Let’s stipulate that Elizabeth Warren should not have responded when debate moderators asked her to comment on Scott Brown’s decision to pose in Cosmopolitan magazine years ago to pay for college. In fact, let’s stipulate that no candidate should ever comment on another candidate’s physical appearance, clothed or unclothed, or say anything that causes voters to visualize any candidate’s body. Please.
There was nothing to be gained by Warren’s dig that “I kept my clothes on” during college. Nothing. But even so…ARE YOU KIDDING ME, SCOTT BROWN? On a Boston radio show this morning, the junior senator from Massachusetts was asked if he had an official response to “Warren’s comment about how she didn’t take her clothes off.” As it happens, Brown did: “Thank God.”
That’s the sort of comeback you make to your sister at the Thanksgiving table, and even then you’d get slugged for it. It’s the kind of snarky insult that would be at home in a comments section. Politicians do know that when they’re on the radio, other people can hear them, right? Last week, Michele Bachmann thanked a radio caller for saying that he’d vote for serial killer Charles Manson over Obama. And now Brown makes this crack?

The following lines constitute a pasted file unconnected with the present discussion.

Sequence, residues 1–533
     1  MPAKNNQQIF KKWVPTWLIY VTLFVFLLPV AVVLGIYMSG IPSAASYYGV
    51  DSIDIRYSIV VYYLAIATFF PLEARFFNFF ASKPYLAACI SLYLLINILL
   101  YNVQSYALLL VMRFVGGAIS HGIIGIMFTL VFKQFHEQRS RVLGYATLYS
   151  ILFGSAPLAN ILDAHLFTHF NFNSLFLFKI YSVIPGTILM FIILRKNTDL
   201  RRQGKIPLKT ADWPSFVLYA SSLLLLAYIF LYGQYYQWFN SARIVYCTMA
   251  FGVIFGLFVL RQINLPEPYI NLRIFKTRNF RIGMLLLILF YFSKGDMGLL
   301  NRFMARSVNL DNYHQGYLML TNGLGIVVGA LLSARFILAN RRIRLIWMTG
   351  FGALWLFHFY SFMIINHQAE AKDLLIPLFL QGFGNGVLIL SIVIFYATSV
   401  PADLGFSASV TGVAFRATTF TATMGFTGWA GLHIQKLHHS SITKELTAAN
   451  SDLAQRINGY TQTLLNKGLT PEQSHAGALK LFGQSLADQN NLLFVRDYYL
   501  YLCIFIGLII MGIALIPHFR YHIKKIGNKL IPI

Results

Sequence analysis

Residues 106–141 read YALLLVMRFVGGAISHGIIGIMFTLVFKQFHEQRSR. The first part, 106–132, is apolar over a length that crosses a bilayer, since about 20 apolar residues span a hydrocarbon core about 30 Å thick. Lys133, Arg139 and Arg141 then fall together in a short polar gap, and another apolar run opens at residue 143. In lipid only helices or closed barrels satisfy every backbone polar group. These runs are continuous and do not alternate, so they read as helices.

Apparently, the idea that politics is an extension of junior high has not faded along with Sarah Palin’s political relevancy. Nor has the double-standard for female candidates when it comes to appearance. Wear the same pantsuit too many times or have a bad hair day, and all the talk is about how you look. Invest in a make-up artist and a spiffed-up wardrobe to avoid those issues, and you get dinged for caring too much about how you look.
I hope Scott Brown is already regretting his mean girl snark this morning. But if not, he might want to look back at how female voters responded when Rick Lazio bullied his way into Hillary Clinton’s personal space in a 2000 Senate debate or when Barack Obama told her she was “likeable enough” during the 2008 primaries. Or he could watch any teen comedy made in the last three decades. Everyone knows that the popular jerk who ridicules the ordinary girl may get laughs from his buddies, but by the end of the movie he’s the loser, usually headfirst in a snowdrift or mud-spattered and sputtering.